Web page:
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October 1937


Arch Ophthalmol. 1937;18(4):633-641. doi:10.1001/archopht.1937.00850100149012

Orbital abscess is frequently used in its broadest sense to include all types of acute inflammation of the walls and soft tissues of the orbit. Such usage has the virtue of brevity and is perhaps proper in such a review as this. However, in actual clinical work it is of the greatest practical importance to differentiate between a true abscess in the retrobulbar space and a disease limited to the rim or wall of the orbit, such as periostitis, osteomyelitis or subperiosteal abscess. All these conditions may produce the characteristic signs of acute swelling of the lid, proptosis, deep orbital pain and fever. In addition, simple congestion of the orbital veins due to swelling of the mucous membrane in the ethmoid sinuses, as well as extensive spreading thrombophlebitis of the orbital venous system, may produce the same characteristic signs.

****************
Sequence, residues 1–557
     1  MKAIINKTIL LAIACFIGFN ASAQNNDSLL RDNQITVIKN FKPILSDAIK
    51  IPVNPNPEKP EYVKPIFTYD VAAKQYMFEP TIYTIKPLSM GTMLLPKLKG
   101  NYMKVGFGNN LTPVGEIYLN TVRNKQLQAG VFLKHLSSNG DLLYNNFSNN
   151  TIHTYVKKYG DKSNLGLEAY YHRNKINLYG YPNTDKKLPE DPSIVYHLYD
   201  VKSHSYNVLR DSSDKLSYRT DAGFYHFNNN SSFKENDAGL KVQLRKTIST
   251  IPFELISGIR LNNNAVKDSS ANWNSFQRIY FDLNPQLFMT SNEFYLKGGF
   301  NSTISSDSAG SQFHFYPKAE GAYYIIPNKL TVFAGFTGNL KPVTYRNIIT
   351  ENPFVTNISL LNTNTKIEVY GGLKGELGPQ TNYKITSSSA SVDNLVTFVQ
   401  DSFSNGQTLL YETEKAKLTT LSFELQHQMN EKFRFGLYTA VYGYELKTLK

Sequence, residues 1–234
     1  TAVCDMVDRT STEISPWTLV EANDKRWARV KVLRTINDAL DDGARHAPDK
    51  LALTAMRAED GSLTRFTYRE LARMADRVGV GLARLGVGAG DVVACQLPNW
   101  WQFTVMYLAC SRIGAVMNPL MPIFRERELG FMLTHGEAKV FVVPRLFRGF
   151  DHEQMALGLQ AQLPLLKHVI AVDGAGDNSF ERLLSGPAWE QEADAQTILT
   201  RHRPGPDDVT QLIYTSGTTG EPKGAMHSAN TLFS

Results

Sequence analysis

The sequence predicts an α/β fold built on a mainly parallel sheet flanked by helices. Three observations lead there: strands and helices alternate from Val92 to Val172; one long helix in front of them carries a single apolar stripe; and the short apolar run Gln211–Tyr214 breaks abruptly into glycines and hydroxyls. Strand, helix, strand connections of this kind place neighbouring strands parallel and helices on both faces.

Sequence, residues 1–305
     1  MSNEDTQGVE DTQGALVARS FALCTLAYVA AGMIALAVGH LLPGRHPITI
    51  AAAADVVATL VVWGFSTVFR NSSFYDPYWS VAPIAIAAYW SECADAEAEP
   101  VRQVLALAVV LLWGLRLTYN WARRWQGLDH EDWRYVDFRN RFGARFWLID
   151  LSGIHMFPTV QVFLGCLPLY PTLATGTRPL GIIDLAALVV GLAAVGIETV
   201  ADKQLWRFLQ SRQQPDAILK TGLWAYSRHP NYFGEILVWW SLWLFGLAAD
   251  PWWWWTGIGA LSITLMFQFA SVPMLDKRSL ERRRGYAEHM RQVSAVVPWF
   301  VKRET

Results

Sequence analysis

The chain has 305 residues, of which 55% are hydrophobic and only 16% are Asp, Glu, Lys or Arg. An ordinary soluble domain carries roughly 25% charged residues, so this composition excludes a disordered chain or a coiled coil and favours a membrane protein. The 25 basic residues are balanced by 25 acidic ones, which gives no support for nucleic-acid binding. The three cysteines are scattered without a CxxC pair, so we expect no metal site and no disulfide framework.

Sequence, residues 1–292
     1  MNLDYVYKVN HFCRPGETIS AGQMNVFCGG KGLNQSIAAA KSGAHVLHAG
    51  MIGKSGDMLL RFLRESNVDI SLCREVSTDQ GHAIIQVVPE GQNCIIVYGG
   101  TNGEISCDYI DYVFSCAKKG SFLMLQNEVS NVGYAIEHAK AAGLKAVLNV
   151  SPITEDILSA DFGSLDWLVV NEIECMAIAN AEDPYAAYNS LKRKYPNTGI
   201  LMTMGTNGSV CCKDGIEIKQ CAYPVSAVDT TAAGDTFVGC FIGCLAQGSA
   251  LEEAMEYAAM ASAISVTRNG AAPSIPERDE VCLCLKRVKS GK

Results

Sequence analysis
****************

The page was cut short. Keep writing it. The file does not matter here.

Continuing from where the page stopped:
Ophthalmologists of fifty or seventy-five years ago were aware